------------------------------------------------------------------- Marvin Chavez in Court Monday, October 19 (A local correspondent says James Silva, the attorney for the founder of the Orange County Patient, Doctor, Nurse Support Group, is going to ask Judge Frank Fasel to reconsider not allowing a Proposition 215 defense during a hearing at the Orange County Courthouse in Santa Ana.) From: FilmMakerZ@aol.com Date: Sat, 17 Oct 1998 16:50:59 EDT Subject: Marvin Chavez in Court Monday, October 19 Marvin Chavez will be in court again on Monday, October 19. James Silva, Marvin's attorney, is going to ask Judge Frank Fasel to reconsider allowing him a 215 defense. Supporters will gather at 7:00 am at the Orange County Superior Courthouse, 700 Civic Center Dr. W., Santa Ana. Marvin's hearing begins at 9:00am in front of Judge Frank Fasel, 10th floor, division 41. Please come if you are able. Marvin's case is almost ready to be heard by a jury and we would appreciate all the support we can get.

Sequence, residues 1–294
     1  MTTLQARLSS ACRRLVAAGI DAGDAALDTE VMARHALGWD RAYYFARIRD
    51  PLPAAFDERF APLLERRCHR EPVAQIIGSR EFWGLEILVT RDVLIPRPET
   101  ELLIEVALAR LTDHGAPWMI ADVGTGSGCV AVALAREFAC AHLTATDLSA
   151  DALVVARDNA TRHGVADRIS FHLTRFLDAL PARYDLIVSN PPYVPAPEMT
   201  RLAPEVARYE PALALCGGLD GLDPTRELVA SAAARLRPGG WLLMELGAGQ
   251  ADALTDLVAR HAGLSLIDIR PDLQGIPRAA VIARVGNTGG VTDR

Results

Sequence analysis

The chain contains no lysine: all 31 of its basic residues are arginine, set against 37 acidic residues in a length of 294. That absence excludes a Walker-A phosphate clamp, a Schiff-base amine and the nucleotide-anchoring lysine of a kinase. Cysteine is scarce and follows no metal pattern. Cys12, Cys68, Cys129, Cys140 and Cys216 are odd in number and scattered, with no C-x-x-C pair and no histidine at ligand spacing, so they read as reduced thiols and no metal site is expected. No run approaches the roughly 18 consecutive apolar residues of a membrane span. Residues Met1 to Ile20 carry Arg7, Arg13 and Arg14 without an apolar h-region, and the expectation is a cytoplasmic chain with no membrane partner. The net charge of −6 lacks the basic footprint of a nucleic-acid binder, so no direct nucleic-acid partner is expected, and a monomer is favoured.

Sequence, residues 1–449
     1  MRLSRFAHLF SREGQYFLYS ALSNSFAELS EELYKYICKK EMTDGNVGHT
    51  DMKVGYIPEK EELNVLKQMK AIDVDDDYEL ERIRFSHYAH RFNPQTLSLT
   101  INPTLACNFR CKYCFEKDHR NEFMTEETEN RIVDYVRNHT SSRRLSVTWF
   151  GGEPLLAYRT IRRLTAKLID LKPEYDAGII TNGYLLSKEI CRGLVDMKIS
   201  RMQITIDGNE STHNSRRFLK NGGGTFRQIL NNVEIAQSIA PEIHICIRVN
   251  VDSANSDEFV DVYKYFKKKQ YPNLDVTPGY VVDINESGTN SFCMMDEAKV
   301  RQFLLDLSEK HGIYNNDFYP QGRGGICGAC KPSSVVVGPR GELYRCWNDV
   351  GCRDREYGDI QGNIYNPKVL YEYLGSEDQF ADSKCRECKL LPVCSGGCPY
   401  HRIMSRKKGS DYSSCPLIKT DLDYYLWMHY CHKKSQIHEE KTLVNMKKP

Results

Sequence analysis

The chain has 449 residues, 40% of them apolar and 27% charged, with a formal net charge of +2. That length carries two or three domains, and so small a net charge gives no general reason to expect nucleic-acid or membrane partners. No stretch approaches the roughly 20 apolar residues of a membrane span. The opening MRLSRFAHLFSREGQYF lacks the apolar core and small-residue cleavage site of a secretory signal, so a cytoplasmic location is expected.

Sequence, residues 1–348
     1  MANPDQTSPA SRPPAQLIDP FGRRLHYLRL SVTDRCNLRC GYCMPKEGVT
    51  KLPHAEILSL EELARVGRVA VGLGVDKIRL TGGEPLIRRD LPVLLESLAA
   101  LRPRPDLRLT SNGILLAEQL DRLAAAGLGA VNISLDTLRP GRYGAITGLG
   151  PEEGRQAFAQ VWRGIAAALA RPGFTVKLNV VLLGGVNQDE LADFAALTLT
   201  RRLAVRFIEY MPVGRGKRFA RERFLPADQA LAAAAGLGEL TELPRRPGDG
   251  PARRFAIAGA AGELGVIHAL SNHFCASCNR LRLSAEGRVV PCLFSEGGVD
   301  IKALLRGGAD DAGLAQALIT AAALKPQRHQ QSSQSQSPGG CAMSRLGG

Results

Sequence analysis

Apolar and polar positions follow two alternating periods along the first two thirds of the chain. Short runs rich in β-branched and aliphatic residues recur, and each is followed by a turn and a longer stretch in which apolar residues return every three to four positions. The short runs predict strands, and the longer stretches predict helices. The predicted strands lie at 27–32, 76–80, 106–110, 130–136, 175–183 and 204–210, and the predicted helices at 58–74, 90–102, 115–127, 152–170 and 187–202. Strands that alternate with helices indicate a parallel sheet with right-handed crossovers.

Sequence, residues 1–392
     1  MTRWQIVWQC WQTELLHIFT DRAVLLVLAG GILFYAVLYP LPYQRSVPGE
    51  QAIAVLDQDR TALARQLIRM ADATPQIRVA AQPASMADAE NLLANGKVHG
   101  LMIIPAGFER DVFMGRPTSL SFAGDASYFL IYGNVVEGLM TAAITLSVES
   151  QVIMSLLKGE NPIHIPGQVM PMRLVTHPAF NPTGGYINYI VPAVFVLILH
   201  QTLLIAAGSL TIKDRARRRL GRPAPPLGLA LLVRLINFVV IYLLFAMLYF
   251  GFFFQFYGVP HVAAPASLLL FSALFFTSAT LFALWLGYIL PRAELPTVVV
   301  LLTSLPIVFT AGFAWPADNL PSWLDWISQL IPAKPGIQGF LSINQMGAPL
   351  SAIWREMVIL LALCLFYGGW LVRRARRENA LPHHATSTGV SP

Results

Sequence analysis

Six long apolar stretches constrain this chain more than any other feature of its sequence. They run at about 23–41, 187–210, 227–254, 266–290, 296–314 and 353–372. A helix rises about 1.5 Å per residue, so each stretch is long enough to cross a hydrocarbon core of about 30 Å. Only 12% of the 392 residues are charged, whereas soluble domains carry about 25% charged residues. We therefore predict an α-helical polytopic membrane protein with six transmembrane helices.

------------------------------------------------------------------- State won't count marijuana vote - Petitions for drug's use as legal medicine short of signatures (The Rocky Mountain News says Colorado Secretary of State Vikki Buckley ruled Friday that there weren't enough valid signatures for a medical marijuana initiative to be on the ballot, even though it is. Buckley accepted 51,904 signatures and rejected 36,911, saying the campaign fell 2,338 signatures short. "We will be checking every bit of work that she did to make sure there aren't massive errors like we found before," said Luther Symons, a spokesman for Coloradans for Medical Rights.) Date: Sat, 17 Oct 1998 09:06:01 -0600 (MDT) From: ammo (email@example.com) To: "DRCTalk Reformers' Forum" (firstname.lastname@example.org) Subject: AMR's Colo. Petition Falls Short (Officially) Reply-To: email@example.com Sender: firstname.lastname@example.org Rocky Mountain News October 17, 1998 State won't count marijuana vote Petitions for drug's use as legal medicine short of signatures By John Sanko Rocky Mountain News Capitol Bureau * It's official. Coloradans won't get to vote Nov. 3 on whether to use marijuana as a medicine. The on-again, off-again ballot proposal is off, even though it will be printed on everyone's ballot. Election officials just won't tabulate the votes. Using an extra 24 hours granted by the Colordo Supreme Court, Secretary of State Vikki Buckley ruled Friday that there weren't enough valid signatures for the medical marijuana proposal to be on the ballot. A line-by-line check ordered by the court revealed the petitions lacked the required 54,242 signatures of registered electors, Buckley said. She said the petitions fell 2,338 signatures short. Buckley accepted 51,904 signatures and rejected 36,911. The proposal would have allowed Coloradans with "debilitating medical conditions" such as cancer, AIDS or glaucoma to use marijuana if a doctor believed it might help. Supporters were stunned by the news. But they said the fight might not be over. "We will be checking every bit of work that she did to make sure there aren't massive errors like we found before," said Luther Symons, a spokesman for Coloradans for Medical Rights. "Should we find any legal basis for challenging this ruling, for example that she made a large number of errors, we will pursue all of our legal remedies. We will be carefully checking anything and everything. That effort will begin immediately." Opponents were cheered. Citizens Against the Legalization of Marijuana virtually had shut down in August after Buckley said a random sampling showed the petitions lacked sufficient signatures. "That's very good news for the people of Colorado and especially the youth of Colorado," said retired prosecutor Roger Allott, who co-chairs the opposition group with Arapahoe County Sheriff Pat Sullivan. Allott said opponents, including prosecutors, law enforcement authorities, health officials and church groups, had been gearing up to make a round of speeches if the measure was placed back on the ballot. "This would have increased the potential for children to use marijuana if it passed," Allott said. "That would have been a very grim outlook for Colorado and the kids." After Buckley's initial ruling in August, supporters went to court, complaining that signature counters had done shoddy work. Buckley conceded some errors had been made. Denver District Court Judge Herbert Stern on Sept. 10 ordered the measure placed on the ballot. But the Colorado Supreme Court intervened Oct. 5, ordering that Buckley make a line-by-line counting. The court initially gave Buckley 10 days to complete the job, but tossed in an extra 24 hours Thursday when she said she couldn't get enough temporary workers in time. Because the issue already is on the ballot, the court ruled that votes would not be counted if it lacked sufficient signatures. Ric Bainter, Buckley's Democratic opponent, sharply criticized the GOP officeholder's handling of the matter and other issues. "It's just a tragedy this thing is continuing to drag on and there's uncertainty in the process," Bainter said. "The whole process is too important to be mismanaged like this." *** Rocky Mountain News 400 W. Colfax Denver, CO 80204 Phone: (303) 892-5000 Fax: (303) 892-5499 Email: email@example.com Web: www.denver-rmn.com *** Re-distributed by: Colorado Citizens for Compassionate Cannabis P.O. Box 729 Nederland, CO 80466 Phone: (303) 448-5640 Email: firstname.lastname@example.org Web: http://www.levellers.org/cannabis.html